These are not mysteries and insights. All these points, and others, have been ready companions in my mind whenever I think about what I must do to find other work. An active job search keeps these companions happy to say hello. They pop in all the time. You can’t get rid of them or forget about them. You want to get used to them, but they keep finding new ways to bug you.

Now you have an idea why I began this post the way I did: you can make yourself miserable if you try hard enough. The job search itself wasn’t actually miserable. I did learn to live with my pesky companions. The misery comes with landing an ideal job: small company, develop documentation for complex software, short commute to a nearby town, likeable boss, good pay, return to consulting, short contract to try the company out, and the prospect of more work with Overture – a professional outfit I’ve done business with before. That’s a long list!

So what’s miserable about that? Clearly, I failed to strike out on a new course, that’s what! I’m good at what I do, and I love being competent, but I can be competent at something new as well. It takes a long time to become good at something; for a dozen years now, on and off, I’ve thought, “Alright, so let’s do it! Start a new professional venture before it’s too late.” So many events, not least the deaths of people my own age or younger, remind me that time for anything, let alone a new venture, is not unlimited. It’s a lot more limited than I care to remember.

That’s your sixth companion. He’s actually not that pesky, and we’re used to him. He wears a big hood, and he stands off your right shoulder all the time. Steve Jobs said that death is life’s great change agent. If you’re not Steve Jobs, though, change may be harder to craft. He had a talent for change that most of us do not.

Resistance to change comes in numerous forms. For example, I’ve paused at the simple thought that by changing careers at this point, I would have to build an entirely new professional network. I’m not sure I want to walk away from the people I know, even if, currently, my contact with them is infrequent. I’ve built that network over almost eighteen years. I like my colleagues, most of them. They’ve helped me, and I’ve helped them. I know that if I go into an entirely new line of work, only a few of them will care to stay in touch. Moreover, I won’t have time start a new network, and maintain the old one.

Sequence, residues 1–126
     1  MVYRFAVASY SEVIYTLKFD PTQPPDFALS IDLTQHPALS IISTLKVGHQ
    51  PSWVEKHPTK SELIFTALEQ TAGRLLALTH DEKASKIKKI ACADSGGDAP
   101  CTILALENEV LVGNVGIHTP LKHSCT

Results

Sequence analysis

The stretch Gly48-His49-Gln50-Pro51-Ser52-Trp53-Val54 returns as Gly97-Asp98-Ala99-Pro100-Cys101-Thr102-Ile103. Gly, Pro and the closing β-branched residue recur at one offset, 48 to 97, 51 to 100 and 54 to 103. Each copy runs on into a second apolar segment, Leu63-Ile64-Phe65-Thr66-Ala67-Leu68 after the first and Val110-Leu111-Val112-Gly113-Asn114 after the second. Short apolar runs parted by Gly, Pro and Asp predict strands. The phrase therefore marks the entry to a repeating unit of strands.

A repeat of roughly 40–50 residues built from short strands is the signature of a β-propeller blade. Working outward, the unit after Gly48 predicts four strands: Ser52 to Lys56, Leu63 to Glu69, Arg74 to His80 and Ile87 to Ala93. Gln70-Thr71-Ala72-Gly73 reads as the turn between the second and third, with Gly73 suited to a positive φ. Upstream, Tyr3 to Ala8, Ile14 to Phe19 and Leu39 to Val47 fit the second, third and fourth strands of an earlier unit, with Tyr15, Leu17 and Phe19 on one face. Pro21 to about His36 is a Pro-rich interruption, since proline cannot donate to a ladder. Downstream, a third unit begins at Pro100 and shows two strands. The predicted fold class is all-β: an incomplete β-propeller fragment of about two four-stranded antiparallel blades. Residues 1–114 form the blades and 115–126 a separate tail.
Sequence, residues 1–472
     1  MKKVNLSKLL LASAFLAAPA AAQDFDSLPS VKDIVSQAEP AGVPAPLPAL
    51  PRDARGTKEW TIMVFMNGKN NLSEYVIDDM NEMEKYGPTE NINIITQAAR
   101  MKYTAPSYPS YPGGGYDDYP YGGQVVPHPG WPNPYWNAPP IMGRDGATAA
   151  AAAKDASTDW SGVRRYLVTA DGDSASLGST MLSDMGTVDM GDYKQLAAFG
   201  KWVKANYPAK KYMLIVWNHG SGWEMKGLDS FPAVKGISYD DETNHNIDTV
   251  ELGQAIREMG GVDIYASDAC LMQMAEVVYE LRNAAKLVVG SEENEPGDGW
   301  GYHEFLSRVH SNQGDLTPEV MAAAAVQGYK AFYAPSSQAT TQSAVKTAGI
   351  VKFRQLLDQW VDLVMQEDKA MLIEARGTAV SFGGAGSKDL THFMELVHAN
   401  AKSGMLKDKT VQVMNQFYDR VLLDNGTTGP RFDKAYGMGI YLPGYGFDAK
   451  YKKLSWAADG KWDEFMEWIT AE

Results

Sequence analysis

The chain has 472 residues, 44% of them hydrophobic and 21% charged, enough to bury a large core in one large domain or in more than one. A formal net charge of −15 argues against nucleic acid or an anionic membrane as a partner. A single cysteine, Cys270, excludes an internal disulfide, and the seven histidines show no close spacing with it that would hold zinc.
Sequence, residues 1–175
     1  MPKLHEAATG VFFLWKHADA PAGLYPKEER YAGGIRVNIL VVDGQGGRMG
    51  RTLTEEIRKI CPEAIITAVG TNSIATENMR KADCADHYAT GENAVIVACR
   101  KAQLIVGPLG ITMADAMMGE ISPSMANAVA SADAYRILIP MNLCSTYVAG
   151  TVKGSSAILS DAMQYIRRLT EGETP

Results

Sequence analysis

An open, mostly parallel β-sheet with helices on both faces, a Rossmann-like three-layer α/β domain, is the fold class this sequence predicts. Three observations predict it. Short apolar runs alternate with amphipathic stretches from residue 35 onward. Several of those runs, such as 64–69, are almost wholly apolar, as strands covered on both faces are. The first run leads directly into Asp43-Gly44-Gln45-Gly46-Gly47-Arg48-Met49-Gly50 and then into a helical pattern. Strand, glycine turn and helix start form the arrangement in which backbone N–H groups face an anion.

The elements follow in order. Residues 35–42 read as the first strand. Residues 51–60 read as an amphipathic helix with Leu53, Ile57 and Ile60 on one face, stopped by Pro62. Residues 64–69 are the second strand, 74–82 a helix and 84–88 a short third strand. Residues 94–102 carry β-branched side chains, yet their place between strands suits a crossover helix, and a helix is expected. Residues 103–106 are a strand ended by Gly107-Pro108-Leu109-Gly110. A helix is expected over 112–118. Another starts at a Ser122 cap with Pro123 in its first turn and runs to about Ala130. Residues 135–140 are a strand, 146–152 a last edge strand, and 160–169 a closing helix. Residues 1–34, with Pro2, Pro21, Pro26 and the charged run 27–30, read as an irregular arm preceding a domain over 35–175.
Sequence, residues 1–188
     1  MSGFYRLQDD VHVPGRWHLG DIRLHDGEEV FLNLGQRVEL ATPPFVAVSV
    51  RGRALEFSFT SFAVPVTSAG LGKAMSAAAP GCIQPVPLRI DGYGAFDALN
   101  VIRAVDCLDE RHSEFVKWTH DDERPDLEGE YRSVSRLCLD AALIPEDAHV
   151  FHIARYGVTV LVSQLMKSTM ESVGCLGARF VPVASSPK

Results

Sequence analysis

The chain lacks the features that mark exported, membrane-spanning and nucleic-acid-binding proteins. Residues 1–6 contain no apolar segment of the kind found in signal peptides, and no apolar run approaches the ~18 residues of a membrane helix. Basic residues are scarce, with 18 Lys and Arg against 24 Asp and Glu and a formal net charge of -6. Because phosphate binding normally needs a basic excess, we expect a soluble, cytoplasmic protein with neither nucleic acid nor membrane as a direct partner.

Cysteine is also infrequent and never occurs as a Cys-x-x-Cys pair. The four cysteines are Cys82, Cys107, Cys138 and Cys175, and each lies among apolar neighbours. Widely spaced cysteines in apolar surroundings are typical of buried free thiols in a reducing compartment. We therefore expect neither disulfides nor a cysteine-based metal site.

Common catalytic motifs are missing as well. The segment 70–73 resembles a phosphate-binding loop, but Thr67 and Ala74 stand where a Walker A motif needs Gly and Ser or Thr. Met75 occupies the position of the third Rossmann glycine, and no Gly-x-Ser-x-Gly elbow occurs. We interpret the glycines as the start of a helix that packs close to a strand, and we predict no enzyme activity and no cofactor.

Let me end with one lesson I want to remember from this job search. Let good things come to you. I’ve been conscious from time to time of companion number seven. God is the most benevolent friend of all. He doesn’t bug you all the time. I do feel bad, though, that I’m not more mindful – and grateful – for the good things I have. In fact, I’m constantly grateful for my wonderful, strong family. My feelings are more mixed about material prosperity, as that comes with an obvious price. Overall, though, we are not terribly rich or poor, and that’s good.

My absence of gratitude for professional talents and accomplishments is more troublesome. I’ve had outstanding opportunities as a teacher, writer, researcher, advocate, and publisher. My career has not taken the course I wished when I set out, but whose does? I ask, if my own child complained as much as I do about work, wouldn’t I feel disappointed that my offspring felt disappointed all the time? Wouldn’t I hope and even yearn for a more joyful outlook, from someone who has so many positive traits? That’s how God must see me: head down, looking at the ground rather than the sky, too constricted and unaware of the good things we have in each other.

So at the end of another vacation, this one to the warmth and color of St. John, I thought: try to be more grateful. Let good things come to you. Many good things have come to you before, unbidden. You didn’t have to try for them. Your wife, someone you hardly knew at the time, came to you one evening and said, “I love you.” The same happened with your children. They appeared. Let God’s blessings come to you. Be grateful. That attitude holds for your family and friends. It can hold for your work life as well.